Here’s a video from Dr. Gregor on the subject, along with one comparing date sugar to other sweeteners.

As long as we’re on the subject of good news about sweeteners, let’s look at which artificial sweetener not only isn’t so bad for you, but appears to actually be helpful.

So using date sugar and erythritol may be a way to make this holiday season a bit sweeter for you and your family, especially for those with diabetes. See my recipe below for Faux Pecan Pie, a delicious way of using dates and coconut with no added sugar.

As always, see the disclaimer at the top of the page: please check with your appropriately licensed health care professional before making any changes to your diet.

Now what about when we do wind up eating some of the less healthy sweetened treats? Well it turns out that there’s some evidence that by having your treat with a couple of cups of green tea, you can blunt the blood sugar spike and subsequent drop:

“Mice fed an antioxidant found in green tea — epigallocatechin-3-gallate, or EGCG — and corn starch had a significant reduction in increase in their blood sugar… levels compared to mice that were not fed the compound…”The spike in blood glucose level is about 50 percent lower than the increase in the blood glucose level of mice that were not fed EGCG,”…The dose of EGCG fed to the mice was equivalent to about one and a half cups of green tea for a human… EGCG was most effective when the compound was fed to the mice simultaneously with corn starch. For humans, this may mean that green tea could help them control the typical blood sugar increases that are brought on when they eat starchy foods, like breads and bagels that are often a part of typical breakfasts.”

Of course, this study was conducted on rats, not humans, but it is suggestive.

Faux Pecan Pie

The original version of this recipe I found here, but I’ve replaced the nuts for those who are allergic.

Preparation: take two cups of dates and soak in two cups of water for 3 hours; save the soaking water. Preheat oven to 350 degrees.

Crust: use a prepared crust if you’re pressed for time, otherwise combine 1 cup shredded coconut with one cup of rolled oats in your blender and blend well. Dump out into a bowl. Then add 1 tablespoon coconut oil, 2 dates, and 1 teaspoon vanilla into the blender and mix until well combined. Add to the oat-coconut combination and mix until you have a moldable crust, and press into your pie pan.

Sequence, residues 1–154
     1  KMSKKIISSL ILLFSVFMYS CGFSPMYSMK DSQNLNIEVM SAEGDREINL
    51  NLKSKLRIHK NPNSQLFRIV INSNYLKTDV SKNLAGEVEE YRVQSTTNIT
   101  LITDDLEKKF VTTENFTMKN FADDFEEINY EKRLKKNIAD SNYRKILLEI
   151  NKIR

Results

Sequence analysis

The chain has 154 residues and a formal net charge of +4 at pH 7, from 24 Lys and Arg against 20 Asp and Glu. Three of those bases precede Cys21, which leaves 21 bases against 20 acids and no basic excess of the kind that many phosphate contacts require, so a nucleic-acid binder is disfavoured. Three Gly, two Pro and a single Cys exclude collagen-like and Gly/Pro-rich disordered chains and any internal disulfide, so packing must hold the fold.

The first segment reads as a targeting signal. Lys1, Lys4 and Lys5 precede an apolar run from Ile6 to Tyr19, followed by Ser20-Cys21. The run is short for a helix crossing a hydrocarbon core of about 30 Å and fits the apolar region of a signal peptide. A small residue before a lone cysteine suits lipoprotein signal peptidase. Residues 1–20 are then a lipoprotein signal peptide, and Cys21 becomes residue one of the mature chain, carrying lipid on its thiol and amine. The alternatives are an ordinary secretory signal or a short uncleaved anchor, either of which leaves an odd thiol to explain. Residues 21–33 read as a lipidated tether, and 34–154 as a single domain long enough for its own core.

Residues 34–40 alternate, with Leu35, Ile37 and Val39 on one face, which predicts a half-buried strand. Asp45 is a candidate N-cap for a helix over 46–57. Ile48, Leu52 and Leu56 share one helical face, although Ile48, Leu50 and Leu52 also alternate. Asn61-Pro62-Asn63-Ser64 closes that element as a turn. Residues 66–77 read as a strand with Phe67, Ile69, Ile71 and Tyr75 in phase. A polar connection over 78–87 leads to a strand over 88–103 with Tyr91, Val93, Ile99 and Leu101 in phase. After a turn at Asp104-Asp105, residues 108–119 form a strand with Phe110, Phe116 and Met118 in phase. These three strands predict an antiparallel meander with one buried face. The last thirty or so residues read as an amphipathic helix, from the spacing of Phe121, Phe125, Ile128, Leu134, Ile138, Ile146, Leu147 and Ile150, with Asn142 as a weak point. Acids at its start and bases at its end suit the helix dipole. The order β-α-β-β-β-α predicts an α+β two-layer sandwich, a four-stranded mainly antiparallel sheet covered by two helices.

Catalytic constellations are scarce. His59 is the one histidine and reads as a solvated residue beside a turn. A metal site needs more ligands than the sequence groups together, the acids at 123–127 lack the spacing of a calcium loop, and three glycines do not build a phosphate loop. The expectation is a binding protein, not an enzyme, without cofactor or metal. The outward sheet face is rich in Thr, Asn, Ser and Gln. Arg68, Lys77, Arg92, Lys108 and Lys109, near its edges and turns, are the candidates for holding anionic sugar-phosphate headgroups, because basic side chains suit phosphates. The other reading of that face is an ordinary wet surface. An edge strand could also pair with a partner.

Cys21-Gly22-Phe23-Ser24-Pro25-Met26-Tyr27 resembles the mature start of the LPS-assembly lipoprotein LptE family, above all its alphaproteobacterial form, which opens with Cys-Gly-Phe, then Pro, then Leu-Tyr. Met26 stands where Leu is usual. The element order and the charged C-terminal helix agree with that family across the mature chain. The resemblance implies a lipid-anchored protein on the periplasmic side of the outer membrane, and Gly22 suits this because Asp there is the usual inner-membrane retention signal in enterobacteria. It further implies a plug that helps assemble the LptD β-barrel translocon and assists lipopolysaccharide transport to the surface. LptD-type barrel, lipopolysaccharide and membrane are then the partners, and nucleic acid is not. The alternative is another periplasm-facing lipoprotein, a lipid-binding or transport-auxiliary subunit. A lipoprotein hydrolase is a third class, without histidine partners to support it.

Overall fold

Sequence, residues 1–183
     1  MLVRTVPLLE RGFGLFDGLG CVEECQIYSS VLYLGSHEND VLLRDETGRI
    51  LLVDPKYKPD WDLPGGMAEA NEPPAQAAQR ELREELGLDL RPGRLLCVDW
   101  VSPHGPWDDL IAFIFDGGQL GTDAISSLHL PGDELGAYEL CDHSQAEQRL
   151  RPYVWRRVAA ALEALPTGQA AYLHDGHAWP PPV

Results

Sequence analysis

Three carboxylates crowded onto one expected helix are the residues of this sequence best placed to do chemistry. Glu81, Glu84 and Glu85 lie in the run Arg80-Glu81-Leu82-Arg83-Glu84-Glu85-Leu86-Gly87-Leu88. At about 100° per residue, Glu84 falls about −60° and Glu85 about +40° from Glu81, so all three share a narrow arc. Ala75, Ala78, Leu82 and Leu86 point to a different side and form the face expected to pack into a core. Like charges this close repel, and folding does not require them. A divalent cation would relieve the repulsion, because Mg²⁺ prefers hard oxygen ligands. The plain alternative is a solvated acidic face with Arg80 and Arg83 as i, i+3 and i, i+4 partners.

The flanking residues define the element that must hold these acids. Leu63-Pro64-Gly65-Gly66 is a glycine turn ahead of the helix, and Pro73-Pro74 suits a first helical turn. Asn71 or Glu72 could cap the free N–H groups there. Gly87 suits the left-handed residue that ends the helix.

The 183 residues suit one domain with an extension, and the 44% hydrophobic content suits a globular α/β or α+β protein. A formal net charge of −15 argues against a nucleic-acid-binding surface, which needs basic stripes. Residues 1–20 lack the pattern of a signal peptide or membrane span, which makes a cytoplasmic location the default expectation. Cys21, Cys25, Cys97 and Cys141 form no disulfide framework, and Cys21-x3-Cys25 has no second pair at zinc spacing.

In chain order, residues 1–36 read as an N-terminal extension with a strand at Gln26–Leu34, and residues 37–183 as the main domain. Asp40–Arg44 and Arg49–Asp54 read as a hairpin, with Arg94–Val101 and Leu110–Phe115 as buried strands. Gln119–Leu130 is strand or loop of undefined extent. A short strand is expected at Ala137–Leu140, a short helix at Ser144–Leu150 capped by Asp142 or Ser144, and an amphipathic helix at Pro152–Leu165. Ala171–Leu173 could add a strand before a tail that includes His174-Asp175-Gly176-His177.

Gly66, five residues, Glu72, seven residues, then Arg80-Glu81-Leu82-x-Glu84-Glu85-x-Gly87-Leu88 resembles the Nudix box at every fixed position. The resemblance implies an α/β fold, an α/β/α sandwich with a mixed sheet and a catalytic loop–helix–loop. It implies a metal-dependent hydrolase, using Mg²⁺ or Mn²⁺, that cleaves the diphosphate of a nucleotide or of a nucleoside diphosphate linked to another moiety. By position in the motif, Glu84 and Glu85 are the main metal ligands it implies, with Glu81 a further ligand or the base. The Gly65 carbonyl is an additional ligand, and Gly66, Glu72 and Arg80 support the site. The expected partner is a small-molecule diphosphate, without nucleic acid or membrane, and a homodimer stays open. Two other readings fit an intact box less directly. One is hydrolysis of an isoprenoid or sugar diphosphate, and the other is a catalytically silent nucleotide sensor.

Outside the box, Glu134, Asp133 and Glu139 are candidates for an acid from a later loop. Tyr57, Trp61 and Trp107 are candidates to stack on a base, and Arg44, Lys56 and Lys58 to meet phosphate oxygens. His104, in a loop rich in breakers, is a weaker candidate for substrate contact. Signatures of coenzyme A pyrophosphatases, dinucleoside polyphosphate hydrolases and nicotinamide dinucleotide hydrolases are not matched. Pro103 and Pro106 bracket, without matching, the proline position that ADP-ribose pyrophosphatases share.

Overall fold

Filling: put the dates and the soaking water into the blender with 1/2 cup coconut oil, 2 tablespoons vanilla, and 1/2 teaspoon salt. Blend well and pour into pie crust.

Topping: combine 1 cup of rolled oats with enough melted coconut oil and erythritol and/or date sugar so that they’re coated, and sprinkle on top.

Bake at 350 degrees for 40 minutes; if the topping isn’t sufficiently brown, broil it for a couple of minutes until it is (watch it so it doesn’t burn!).

Enjoy a delicious pie that has a multitude of health benefits and is gluten free, dairy free, etc.

I hope you and yours have a healthy and happy holiday season!

Questions, comments, or suggestions? I’d love to hear from you (especially if you try the pie) so don’t be shy!

Edit: I made this recipe over the holidays, and the oat topping really wasn’t tasty at all; a bit too many oats. I’d use something else, like shredded coconut, (or pecans or almonds if you can eat nuts).

Have you had the pleasure of seeing Paul Stamets talk?  In this video: http://www.youtube.com/watch?v=XI5frPV58tY, he talks about many beneficial uses of mushrooms, including how effective many are for various health conditions. The common Turkey Tail mushroom in particular seems to be good. This study shows that Turkey Tail mushrooms are helpful for those who have undergone breast cancer treatment: ‘The study titled “Phase I Clinical Trial of Trametes versicolor in Women with Breast Cancer,” recently published in the ISRN Oncology Journal, shows that turkey tail mushrooms can augment conventional therapies for treating breast cancer by increasing NK and CD8+T cell activity. This study suggests that turkey tail mushrooms are an effective adjunct to conventional chemotherapeutic medicines and radiation therapy.’

But mushrooms you can buy in the grocery store, like shiitake and maitake, are also known to be good for your health. Why not make them a regular part of your diet?